So you’ve been hearing all these different terms being used and you do know that these are less expensive alternates to real gold. But after that it becomes a little hazy? Not to worry, here’s an explanation to these terms and types of gold jewellery.
Gold plating is where a very thin layer of gold is added onto something called a base metal. This base metal is typically brass or steel to prevent nickel based allergies though copper and pewter are also used in a process of electroplating. In this case, the gold that’s applied is usually 18 or 22 Carat gold. The thickness of the gold plating varies from just 0.5micron to about 1-3microns. Remember that since a micron is a thousandth of a millimetre this is a very thin layer and it does tend to wear away slowly or quickly depending on the thickness. When it does, the base metal is revealed causing a dull or dark look. It’s possible to replate the item, but usually cheaper to simply buy a new piece all together because of the costs involved.
Gold vermeil is actually the same process of adding a thin layer of gold but this time to Sterling silver. To use the term gold vermeil, the gold needs to be at least 10 Carat and also needs to be 2.5microns thick. Now this isn’t particularly thick as we saw above and so this too will wear away based on usage. The other challenge that people tend to face is that gold vermeil tends to turn tarnish because of the sterling silver tarnishing. To prevent this, try keeping the gold vermeil in air tight boxes or zip lock bags. Don’t use silver polishing cloths on gold vermeil because while it may remove the tarnish, it will also remove the gold and you’ll be left with a piece of white metal jewellery instead of yellow!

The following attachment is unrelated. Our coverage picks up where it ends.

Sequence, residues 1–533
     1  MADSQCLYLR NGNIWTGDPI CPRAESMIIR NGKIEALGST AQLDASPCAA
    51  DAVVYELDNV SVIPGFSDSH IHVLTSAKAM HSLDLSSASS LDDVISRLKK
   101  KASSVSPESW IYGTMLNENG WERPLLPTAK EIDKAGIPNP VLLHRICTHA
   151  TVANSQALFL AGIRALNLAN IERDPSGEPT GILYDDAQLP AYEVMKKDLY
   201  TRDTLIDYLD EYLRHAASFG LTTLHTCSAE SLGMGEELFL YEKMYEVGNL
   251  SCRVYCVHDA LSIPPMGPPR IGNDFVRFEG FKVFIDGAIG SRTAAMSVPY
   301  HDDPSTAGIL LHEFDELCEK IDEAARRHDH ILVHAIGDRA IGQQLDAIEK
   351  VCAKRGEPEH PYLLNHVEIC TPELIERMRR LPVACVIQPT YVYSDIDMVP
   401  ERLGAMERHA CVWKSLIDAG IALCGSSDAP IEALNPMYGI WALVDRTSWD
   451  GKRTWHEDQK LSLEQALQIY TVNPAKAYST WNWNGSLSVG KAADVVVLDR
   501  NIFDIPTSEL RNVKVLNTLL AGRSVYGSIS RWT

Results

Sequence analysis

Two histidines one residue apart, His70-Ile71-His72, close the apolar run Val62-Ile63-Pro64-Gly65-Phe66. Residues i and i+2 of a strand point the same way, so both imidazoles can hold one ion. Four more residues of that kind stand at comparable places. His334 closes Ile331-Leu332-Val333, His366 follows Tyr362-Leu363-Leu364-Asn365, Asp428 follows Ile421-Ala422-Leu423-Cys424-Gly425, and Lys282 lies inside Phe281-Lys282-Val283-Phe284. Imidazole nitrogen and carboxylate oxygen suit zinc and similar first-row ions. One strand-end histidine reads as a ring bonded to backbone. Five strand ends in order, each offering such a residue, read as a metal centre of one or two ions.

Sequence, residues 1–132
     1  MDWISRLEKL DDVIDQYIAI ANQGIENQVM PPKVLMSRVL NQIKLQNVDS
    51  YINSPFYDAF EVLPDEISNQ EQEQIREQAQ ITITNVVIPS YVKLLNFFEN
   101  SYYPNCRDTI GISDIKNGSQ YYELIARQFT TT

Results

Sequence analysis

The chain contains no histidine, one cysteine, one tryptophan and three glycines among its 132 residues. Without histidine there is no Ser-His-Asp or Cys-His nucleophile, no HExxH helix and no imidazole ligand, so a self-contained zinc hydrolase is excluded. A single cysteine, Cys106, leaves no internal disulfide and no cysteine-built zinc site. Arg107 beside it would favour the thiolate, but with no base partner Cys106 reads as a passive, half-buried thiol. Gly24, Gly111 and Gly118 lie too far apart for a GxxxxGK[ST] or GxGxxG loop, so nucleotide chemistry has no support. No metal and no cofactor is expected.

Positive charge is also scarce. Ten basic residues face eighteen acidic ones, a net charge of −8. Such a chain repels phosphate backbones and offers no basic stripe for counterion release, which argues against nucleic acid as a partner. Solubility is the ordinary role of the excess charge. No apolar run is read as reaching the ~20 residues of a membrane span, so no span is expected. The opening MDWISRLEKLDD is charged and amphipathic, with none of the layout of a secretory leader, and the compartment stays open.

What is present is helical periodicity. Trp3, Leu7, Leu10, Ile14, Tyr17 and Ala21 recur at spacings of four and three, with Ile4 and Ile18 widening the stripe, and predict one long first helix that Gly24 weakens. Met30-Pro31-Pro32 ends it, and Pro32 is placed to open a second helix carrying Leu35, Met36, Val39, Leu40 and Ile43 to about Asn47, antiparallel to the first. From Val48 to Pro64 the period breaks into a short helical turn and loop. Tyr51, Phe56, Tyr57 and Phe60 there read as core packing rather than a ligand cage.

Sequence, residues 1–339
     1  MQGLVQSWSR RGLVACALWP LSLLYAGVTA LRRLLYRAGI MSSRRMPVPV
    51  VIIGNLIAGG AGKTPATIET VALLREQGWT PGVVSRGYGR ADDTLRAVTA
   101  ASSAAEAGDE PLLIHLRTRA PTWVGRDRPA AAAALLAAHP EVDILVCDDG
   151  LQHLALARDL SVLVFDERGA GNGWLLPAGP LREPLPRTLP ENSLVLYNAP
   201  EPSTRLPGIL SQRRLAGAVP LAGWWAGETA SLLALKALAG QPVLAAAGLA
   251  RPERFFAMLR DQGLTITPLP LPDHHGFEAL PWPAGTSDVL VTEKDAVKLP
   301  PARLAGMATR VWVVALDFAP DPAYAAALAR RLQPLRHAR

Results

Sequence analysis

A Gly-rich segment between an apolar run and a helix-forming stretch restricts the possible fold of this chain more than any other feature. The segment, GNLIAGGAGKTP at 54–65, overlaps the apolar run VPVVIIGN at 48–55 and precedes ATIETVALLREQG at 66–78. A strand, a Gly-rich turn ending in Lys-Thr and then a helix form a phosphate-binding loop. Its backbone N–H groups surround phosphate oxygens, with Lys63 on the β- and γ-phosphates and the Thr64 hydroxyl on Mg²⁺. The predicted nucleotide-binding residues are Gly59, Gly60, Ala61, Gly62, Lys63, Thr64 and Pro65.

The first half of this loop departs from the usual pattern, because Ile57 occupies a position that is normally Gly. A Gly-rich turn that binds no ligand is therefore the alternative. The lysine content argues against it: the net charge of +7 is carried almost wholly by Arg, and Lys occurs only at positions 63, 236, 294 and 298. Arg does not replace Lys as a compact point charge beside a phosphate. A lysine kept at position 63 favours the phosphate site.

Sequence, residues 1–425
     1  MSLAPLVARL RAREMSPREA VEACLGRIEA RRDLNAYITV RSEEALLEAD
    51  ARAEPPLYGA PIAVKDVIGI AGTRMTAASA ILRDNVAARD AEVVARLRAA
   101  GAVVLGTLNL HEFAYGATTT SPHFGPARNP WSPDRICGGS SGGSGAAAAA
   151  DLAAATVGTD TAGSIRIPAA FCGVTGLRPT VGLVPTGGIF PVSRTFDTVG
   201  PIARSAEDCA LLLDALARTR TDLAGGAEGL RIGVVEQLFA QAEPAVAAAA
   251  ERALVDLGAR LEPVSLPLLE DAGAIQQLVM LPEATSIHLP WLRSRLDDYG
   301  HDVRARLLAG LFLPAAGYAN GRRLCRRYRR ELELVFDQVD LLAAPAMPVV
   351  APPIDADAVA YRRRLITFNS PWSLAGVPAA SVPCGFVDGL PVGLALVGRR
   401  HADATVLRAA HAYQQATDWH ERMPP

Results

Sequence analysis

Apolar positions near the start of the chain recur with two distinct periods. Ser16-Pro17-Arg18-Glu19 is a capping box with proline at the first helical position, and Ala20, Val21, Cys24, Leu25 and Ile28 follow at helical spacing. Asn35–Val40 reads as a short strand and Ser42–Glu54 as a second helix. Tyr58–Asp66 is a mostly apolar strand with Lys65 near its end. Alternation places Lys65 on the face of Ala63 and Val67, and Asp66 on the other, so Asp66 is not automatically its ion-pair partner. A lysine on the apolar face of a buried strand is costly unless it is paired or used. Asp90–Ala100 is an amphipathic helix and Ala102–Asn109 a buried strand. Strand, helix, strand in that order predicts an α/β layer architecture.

Gold filled is a different process all together and sometimes also called rolled gold. This is where gold is bonded to a base metal like brass with a process that uses pressure and heat. The gold here is much thicker than in the electroplating mechanism, often upto 100 times thicker. With gold filled, there is a need for a 5th of 1/20th to be gold. So if you see the marking 14/20 or 1/20 14K G.F it means that it’s 14Carat gold with 1/20th being gold and the rest the bonding metal. Likewise 18/20 is 1/20th 18 Carat gold.
Gold filled is much more expensive than gold vermeil because there is more gold in the piece. The advantage it has is that gold filled sometimes can last between five- thirty years. In fact there are many cases of estate or vintage jewellery that’s gold filled which has the bright gold colour that hasn’t faded even after many decades.
What do you want the gold jewellery for?
In none of these cases can you get the gold out separately from the piece. So the question is what do you want the jewellery to do for you?
If what you want is a piece of jewellery that will stay as you bought it for many years, gold filled is the best option. If it’s on a budget and not meant to be something for more than a season or so, gold plated will work well.
The common myth is that gold vermeil is better because it’s on sterling silver and so it’s more valuable. Well, unless you are going to melt the silver down, that really doesn’t play a role. Actually if you wanted to do this, the issue is that the process of electroplating the gold onto the sterling silver tends to deposit more alloys than if you bought sterling silver jewellery and so not ideal for use melted down. If you want to keep the value of the precious metal, then buying jewellery that’s made of real gold is the answer.